We present the novel type of microscopy – photo-induced force microscopy (PiFM) [1, 2] and its applications. The photo-induced force, enhanced by the plasmonic field, depends on the local response of the media, i.e. local polarizability as well as the local absorption which resulted in the chemical selectivity with a spatial resolution of a few nanometers . The advantage of this approach is that any optical transitions linear and nonlinear of molecules can be probed directly as a far-field free manner. This new form of microscopy operates in a regime of non-contact/tapping mode which is away from the hard-contact mode. In this work, we present theoretical and experimental analysis of linear and nonlinear optical responses such as Raman vibrational molecular states , the excited state absorption  in single molecular clusters, IR vibrational transition  and surface plasmon polaritons in thin gold film  in photo-induced force microscopy. The ability to apply AFM's for nanometer scale optical spectroscopic analysis will open new opportunities in materials science and biology by investigating the chemical and optical nature of individual molecules.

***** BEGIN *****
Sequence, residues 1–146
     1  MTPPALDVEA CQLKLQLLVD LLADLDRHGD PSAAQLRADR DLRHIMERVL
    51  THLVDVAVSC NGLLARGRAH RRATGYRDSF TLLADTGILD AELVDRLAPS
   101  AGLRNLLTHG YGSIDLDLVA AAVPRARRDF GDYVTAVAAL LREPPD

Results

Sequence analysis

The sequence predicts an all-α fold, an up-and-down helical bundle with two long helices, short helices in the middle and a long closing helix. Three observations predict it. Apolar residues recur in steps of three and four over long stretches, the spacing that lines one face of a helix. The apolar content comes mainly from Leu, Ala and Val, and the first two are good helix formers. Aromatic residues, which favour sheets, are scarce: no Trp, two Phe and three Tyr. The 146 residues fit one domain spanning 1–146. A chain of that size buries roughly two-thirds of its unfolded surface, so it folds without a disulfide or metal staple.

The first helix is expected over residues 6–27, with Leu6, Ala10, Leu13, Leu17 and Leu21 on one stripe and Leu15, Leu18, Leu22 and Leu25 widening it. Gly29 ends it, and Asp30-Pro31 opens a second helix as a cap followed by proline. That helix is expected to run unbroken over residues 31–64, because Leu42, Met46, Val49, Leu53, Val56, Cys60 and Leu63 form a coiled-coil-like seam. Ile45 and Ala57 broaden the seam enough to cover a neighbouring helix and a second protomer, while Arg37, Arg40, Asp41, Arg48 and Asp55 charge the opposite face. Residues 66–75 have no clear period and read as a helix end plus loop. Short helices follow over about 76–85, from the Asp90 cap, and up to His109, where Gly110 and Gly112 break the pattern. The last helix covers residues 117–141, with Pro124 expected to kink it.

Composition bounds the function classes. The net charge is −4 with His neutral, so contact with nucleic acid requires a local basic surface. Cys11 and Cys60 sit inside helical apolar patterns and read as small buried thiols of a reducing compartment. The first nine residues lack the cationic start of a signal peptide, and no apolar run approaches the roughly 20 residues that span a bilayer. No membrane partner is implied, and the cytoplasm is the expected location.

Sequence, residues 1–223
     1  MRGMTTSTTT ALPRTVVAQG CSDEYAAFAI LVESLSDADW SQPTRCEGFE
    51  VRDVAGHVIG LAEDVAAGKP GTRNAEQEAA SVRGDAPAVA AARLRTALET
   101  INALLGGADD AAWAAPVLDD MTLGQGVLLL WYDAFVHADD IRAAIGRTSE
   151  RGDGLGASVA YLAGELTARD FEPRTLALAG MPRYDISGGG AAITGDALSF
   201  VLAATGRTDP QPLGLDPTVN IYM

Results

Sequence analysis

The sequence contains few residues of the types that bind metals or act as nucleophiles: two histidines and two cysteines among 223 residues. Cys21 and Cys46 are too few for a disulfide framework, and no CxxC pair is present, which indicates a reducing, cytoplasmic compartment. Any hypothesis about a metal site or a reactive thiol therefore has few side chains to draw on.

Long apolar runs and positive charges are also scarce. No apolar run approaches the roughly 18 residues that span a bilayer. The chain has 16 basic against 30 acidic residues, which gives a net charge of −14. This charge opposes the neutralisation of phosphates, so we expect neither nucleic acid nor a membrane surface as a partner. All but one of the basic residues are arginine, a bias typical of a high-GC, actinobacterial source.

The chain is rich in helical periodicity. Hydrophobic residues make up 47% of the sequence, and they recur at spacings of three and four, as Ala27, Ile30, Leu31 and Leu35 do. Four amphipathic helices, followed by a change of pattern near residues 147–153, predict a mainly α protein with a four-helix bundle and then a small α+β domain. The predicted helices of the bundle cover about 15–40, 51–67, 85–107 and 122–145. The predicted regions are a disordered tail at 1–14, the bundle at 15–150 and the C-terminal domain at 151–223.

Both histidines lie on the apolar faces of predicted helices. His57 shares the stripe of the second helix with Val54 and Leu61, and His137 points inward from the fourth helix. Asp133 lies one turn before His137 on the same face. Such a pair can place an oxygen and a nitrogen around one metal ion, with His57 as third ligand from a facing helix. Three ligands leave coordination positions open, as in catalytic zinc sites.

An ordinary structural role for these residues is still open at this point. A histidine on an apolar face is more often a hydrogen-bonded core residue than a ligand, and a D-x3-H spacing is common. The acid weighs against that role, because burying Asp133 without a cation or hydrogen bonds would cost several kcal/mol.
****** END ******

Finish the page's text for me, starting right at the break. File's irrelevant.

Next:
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2. J. Jahng, et al., “Linear and Nonlinear Optical Spectroscopy at the Nanoscale with Photoinduced Force Microscopy'', Acc. Chem. Res., 48 (10), 2671-2679 (2015).
3. J. Jahng et. al, “Quantitative analysis of sideband coupling in photoinduced force microscopy”, Phys. Rev. B, 94, 195407 (2016).
4. J. Jahng et. al, “Ultrafast pump-probe force microscopy with nanoscale resolution”, Appl. Phys. Lett, 106, 083113 (2015).
5. D. Nowak, et. al., "Nanoscale chemical imaging by photoinduced force microscopy," Sci. Adv. 2, e1501571 (2016).
6. J. Jahng et. al, “Visualizing surface plasmon polaritons by their gradient force” Opt. Lett., 40 (21), 5058-5061 (2015)
Figure 1: Schematic of photo-induced force microscopy